Adventures Of Fatherhood

Adventures Of Fatherhood
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In response to the kids making a beach day miserable last weekend, they each were sent to their rooms for an hour — without electronics — to think it over.

With an afternoon free of sports and other commitments and knowing soon the weather will turn, we headed to the beach. For whatever reason, on this particular day, the misbehavior and non-listening were absurd. Despite repeated threats they would be going straight to their rooms when we got home if they didn’t start making better choices, the bad decisions continued.

It was as if they were trying us on every level possible and eventually we packed up and left earlier than we had planned because they were so rotten and making us miserable.

Pam and I were not happy about it and the kids knew it. I don’t think one word was spoken by either of us and even Beckett was quieter than usual because he understood he and his little brother had aggravated us to a new level.

Carson took the quiet ride home to grab a quick nap. That further frustrated me actually considering it was 5 p.m. and I knew it would mess up his nighttime schedule.

As soon as we got home, we had the boys hit the showers and head directly to their room for an hour. Neither seemed to be expecting it, despite the fact we both told them what would happen if they continued to be so bad on the beach.

“I didn’t know you were serious about that,” said Beckett as he marched upstairs.

Carson followed behind hunching his shoulders like he was an innocent party in the whole thing, but I had the sand up my nose and in my ears to prove that was not the case from his sand-throwing exploits.

For some reason, they were just a wreck and ruined a beautiful day on the beach. Why that was the case I have no idea.

What I do know is those 60 minutes spent in their room was the quickest hour of the weekend.

I’m not one for vehicle bumper stickers but one that came home from school with Carson the other day will have to find a spot.

Compared to one year ago when he was struggling in school with behavior, Carson, 5, is off to a great start in kindergarten. I like to think he has matured over the last year but I also give credit to his teacher and aides at Ocean City Elementary who seem to have built a solid rapport with him in a few short weeks.

The highlight of his first month in all-day school was being deemed a “Star Citizen” for demonstrating kindness and a caring way. That happened to occur the same week I received an award for professional achievement, but I was definitely more excited for Carson’s honor because it was a reminder how far he has come in improving his behavior in school.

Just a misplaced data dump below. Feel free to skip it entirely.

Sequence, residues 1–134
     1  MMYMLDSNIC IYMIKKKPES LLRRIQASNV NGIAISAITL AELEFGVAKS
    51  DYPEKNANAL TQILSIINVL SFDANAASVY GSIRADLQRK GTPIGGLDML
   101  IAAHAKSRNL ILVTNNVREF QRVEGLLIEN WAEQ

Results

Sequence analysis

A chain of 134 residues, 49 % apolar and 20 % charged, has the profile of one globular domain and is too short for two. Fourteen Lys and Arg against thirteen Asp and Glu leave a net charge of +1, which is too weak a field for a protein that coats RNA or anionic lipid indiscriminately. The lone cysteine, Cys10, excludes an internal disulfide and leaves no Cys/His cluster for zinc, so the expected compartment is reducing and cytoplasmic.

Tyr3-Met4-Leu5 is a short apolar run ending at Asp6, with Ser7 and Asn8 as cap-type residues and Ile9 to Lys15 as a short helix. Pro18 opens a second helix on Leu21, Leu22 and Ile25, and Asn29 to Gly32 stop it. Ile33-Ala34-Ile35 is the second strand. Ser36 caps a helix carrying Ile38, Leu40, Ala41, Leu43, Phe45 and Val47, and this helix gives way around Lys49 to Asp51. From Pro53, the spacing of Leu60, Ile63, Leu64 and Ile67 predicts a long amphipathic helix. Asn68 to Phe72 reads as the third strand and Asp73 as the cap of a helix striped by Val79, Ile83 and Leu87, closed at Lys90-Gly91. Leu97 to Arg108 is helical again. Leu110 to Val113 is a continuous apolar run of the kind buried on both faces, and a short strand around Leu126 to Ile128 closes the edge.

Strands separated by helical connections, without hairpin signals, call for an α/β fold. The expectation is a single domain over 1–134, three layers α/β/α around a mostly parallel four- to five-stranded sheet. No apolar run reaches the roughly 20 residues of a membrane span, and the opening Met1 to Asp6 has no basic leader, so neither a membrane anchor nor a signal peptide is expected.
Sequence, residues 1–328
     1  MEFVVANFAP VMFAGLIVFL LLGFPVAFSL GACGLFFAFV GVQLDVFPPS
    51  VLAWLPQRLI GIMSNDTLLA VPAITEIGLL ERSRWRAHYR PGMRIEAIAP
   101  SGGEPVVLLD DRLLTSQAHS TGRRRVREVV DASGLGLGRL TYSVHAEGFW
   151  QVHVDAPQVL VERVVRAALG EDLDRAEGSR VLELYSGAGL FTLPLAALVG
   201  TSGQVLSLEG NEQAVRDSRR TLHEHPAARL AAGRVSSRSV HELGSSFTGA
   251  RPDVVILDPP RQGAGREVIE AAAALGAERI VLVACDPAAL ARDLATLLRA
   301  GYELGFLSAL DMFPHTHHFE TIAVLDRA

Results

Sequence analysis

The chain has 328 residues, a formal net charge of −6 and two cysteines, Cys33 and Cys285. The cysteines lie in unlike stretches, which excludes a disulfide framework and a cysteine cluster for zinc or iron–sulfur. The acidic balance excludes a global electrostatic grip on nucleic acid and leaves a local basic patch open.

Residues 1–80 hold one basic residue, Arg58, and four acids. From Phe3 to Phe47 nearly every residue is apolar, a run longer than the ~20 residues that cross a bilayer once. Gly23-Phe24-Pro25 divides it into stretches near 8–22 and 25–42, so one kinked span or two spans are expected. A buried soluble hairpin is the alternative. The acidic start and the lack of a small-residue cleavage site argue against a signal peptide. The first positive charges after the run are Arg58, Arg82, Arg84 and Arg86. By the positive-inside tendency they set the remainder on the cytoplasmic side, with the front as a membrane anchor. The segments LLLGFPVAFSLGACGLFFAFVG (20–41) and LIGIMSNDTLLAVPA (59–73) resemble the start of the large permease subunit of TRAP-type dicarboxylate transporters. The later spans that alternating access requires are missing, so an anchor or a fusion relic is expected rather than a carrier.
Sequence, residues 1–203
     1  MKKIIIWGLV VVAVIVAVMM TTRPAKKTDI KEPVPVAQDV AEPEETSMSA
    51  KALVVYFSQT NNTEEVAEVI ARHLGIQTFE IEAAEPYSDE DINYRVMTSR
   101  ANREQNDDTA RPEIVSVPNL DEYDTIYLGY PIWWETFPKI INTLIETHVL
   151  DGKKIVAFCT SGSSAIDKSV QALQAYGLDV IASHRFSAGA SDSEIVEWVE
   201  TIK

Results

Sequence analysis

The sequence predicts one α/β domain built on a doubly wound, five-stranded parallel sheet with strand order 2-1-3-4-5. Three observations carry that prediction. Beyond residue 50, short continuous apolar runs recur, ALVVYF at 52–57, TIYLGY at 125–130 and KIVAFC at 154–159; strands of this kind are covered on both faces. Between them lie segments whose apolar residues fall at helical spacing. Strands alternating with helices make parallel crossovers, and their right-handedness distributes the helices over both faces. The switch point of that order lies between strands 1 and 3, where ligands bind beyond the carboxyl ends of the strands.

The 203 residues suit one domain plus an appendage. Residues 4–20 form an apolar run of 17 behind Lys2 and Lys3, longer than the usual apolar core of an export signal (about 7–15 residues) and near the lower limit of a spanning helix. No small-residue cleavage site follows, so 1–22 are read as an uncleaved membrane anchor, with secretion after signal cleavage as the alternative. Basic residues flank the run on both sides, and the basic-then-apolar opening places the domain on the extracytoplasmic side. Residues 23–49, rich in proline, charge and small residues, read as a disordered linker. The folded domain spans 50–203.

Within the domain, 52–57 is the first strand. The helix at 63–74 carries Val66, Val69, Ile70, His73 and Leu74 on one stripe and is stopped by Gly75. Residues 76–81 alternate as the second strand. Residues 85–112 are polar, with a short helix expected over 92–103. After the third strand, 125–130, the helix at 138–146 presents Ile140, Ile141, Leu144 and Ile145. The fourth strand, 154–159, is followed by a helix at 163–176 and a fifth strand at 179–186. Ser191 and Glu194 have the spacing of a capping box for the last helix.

Although there are still temporary losses of sanity, something seems to have changed with him over the last couple months. A definite maturation seems to have taken place.

I try not to overthink this change, but Pam and I have embraced it and he is well aware of how proud we are, although he’s reluctant to accept the praise. Whenever we show him the “My child was honored as a Star Citizen at Ocean City Elementary” sticker, he turns away embarrassed because he’s not one for being in the spotlight and gets uncomfortable easily. That just makes us fuss over him more.

It’s exciting for us that he is showing other people his kind heart through his actions because he can’t by his words since he’s non-verbal.

It’s comforting to know others see what’s inside him, like the other weekend when he randomly started walking up to strangers on the beach and hugging them or last week after Beckett’s soccer game when he put his arm around his brother’s coach during the post-game huddle.

Now we just knock on wood, live day to day and hope the school year continues in the right direction and decide which vehicle gets the sticker.

With Beckett this school year, independence has been the goal.

Along we talk about school every day and look at the work brought home, we are trying desperately to let our second grader know he’s accountable.

For example, one night this week Pam reminded him he had a math test the next day, and he showed no interest in studying. Rather than fight him on it, we are letting him make his own decisions. If he doesn’t want to study, then he will have to deal with the consequence of a bad grade. It will be on him.

Fortunately in this case, he did just fine on the test without further studying — at least while at home.

There was an indication this approach may be paying off the other night when he asked me to quiz him in advance of his reading test the next day. It was a good thing, too, because he was not ready for it.

It was a typical parenting week, full of ups and downs, but mostly ups.